What Does it Mean to be a Good Student? (Kumashiro)

Respond to the following prompts: What does it mean to be a “good” student according to the commonsense? Which students are privileged by this definition of the good student? What is made impossible to see/understand/believe because of these commonsense ideas?

According to the commonsense, a “good” student is the one that gains knowledge that is favoured by the teacher and the school, in a specific way as instructed by the teachers. No matter what the student’s knowledge was prior to starting school, the commonsense approach in education works to teach students in a way that only values certain knowledge and beliefs. “Good” students in terms of commonsense are limited in many aspects as they are the models desired by the teachers, schools, and the society.

Because students are limited to certain knowledge and ways of teaching, only those who conform are privileged by it: it is very often the students that come from the dominant culture or the ones that embody the status quo. When students are taught and treated with commonsensical ideas, they do not seek the need to feel uncomfortable and then disrupt the norms. As a result, students and teachers keep reinforcing the oppressive status quo. This creates an environment where only certain group of students are privileged and considered as “good” students. Learning through crisis plays an important role here because it is crucial to recognize and challenge the oppression that affects many students everyday.

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Critical Summary Proposal

The topic that I have chosen for this assignment is “Race and the curriculum.” Although it may not be obvious to everyone, current curriculum is centred around the privileged people which leaves certain group of people out. As Canada grows more diverse, it is essential to adjust the curriculum in a way that values and benefits every race. Educators need to respond to this change by challenging the problems of current curriculum.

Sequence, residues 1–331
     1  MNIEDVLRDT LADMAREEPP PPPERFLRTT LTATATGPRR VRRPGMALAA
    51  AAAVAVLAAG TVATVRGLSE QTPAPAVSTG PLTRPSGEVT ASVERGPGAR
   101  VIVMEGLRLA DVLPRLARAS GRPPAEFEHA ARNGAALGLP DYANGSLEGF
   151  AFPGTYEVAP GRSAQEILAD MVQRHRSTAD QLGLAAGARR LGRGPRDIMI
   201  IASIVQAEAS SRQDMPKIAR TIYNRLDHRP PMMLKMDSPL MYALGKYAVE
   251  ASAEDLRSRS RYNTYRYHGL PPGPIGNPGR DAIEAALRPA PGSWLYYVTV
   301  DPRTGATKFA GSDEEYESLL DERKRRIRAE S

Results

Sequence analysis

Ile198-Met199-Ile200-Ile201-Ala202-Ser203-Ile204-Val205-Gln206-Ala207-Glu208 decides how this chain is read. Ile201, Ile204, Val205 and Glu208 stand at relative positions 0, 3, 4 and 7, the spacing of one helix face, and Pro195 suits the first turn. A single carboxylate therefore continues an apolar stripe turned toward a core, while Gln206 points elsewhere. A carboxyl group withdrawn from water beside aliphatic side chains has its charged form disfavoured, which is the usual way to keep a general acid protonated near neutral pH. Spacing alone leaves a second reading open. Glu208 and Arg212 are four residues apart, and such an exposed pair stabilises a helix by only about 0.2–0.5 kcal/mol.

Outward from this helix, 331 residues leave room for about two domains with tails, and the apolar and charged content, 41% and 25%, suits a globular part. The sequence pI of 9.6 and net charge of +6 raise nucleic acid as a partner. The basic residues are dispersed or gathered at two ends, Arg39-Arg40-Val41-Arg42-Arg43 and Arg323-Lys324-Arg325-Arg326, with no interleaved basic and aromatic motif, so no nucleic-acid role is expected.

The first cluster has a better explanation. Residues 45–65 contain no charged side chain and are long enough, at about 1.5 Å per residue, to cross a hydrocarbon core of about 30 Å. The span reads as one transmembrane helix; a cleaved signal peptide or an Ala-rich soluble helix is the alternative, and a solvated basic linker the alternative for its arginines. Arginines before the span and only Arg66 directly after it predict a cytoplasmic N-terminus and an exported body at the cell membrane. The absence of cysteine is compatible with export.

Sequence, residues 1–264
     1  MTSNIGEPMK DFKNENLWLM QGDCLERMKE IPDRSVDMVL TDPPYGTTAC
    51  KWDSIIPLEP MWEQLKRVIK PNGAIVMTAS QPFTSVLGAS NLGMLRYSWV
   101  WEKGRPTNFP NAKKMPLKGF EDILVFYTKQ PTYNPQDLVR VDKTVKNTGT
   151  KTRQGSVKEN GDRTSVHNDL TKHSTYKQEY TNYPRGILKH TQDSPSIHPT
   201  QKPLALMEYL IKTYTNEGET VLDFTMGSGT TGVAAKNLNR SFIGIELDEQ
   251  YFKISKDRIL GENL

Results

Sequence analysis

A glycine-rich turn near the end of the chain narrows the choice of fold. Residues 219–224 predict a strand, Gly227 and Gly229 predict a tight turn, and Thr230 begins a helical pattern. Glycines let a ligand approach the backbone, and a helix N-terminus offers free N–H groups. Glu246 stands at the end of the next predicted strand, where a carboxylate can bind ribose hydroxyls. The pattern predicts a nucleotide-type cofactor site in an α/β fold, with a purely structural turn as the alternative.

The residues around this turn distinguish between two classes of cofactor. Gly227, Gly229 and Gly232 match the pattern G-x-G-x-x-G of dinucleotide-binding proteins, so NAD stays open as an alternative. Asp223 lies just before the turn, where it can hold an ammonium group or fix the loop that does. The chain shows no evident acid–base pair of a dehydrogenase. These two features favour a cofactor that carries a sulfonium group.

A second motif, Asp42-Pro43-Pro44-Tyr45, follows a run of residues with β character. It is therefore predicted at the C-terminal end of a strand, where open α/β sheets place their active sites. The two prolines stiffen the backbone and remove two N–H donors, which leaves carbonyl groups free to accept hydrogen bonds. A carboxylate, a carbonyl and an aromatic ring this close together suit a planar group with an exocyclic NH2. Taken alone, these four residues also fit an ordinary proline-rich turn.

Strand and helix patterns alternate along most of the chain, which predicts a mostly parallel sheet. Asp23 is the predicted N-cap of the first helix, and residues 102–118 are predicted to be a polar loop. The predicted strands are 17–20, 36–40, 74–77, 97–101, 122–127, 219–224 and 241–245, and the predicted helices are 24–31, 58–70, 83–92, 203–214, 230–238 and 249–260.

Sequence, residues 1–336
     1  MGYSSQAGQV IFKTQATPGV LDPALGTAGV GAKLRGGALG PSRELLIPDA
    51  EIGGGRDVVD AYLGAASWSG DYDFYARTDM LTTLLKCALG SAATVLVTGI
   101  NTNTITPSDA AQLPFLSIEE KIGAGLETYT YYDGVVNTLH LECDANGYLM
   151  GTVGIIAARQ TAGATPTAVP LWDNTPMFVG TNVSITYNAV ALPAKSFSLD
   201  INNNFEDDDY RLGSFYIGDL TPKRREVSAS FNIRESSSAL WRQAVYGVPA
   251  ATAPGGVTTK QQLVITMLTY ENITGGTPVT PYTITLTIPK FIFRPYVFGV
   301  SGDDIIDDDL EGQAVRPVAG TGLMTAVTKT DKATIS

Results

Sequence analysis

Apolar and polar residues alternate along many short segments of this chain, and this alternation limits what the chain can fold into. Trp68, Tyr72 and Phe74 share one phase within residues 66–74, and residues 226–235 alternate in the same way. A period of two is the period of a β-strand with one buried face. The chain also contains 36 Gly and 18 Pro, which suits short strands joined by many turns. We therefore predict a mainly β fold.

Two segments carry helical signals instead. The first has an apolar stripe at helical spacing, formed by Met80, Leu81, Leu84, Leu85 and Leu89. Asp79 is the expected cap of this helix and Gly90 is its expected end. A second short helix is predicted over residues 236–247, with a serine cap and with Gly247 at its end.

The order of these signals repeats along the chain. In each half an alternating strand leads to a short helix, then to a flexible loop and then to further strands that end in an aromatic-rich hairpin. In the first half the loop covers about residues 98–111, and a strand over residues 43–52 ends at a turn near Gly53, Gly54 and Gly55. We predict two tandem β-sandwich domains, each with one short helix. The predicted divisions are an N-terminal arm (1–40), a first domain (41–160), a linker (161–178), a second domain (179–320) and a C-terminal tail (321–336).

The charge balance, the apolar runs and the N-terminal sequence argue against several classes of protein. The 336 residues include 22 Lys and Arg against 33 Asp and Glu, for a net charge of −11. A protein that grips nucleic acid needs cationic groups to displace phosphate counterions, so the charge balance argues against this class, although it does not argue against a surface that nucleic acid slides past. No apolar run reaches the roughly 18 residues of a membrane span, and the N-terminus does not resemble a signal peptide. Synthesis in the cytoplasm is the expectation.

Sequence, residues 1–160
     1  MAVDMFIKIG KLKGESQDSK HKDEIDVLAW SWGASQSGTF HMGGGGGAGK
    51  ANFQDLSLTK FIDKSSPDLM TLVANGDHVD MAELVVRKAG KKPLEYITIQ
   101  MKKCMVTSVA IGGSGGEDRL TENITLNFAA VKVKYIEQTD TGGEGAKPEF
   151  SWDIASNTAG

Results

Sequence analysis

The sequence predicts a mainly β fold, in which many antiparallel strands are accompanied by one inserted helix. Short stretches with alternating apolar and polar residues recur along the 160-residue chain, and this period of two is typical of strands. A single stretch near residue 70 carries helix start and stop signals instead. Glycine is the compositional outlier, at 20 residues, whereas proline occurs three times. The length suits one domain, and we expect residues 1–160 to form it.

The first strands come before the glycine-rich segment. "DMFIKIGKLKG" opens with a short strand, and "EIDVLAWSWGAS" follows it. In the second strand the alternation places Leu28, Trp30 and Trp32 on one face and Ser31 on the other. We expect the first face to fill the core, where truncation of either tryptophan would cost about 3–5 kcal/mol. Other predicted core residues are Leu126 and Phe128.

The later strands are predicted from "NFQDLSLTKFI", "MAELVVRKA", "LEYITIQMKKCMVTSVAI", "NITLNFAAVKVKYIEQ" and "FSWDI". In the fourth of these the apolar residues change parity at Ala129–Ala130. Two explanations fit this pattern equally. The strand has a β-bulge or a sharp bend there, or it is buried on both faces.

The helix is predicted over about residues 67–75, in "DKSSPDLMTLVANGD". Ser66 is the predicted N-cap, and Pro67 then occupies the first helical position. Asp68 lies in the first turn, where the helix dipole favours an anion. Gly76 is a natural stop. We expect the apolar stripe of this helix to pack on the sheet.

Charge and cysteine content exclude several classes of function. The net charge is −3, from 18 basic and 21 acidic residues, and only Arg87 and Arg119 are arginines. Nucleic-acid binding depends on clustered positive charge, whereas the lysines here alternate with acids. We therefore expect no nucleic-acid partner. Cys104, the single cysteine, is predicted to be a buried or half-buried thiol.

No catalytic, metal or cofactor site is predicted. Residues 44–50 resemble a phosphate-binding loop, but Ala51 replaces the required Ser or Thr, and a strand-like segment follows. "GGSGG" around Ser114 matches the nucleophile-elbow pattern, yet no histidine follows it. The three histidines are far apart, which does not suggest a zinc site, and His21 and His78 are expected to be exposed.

The article that caught my eye was “Race, Diversity, and Curriculum in the Era of Globalization.” The authors focus on diversity and inclusion approaches in education in accordance with changes that occur in 21st-century. They define globalization as constant exposure to new identities as educators face difference and multiplicity. As globalization occurs, there are things to be done in schools to improve the curriculum and quality of teaching to promote diverse education system.

The next step for this assignment is to find articles on how teachers are implementing diverse and inclusive education in their classrooms. The outcome or effects of such curriculum will provide critical feedback on current situation and what educators can do to improve it. I am hoping to find recent articles since this topic, race and the curriculum, is progressing in our society rapidly.

Curriculum Theory and Practice (Smith)

1. Curriculum as a syllabus to be transmitted

This model focuses on the most effective way to deliver the knowledge to students. Its benefit is the familiarity to students when it comes to courses leading to exams. However, this model does not indicate the importance or order of the material to be studied as it is the traditional textbook approach. When educators choose to adapt this model, it is likely that they only focus on the content of knowledge.

2. Curriculum as product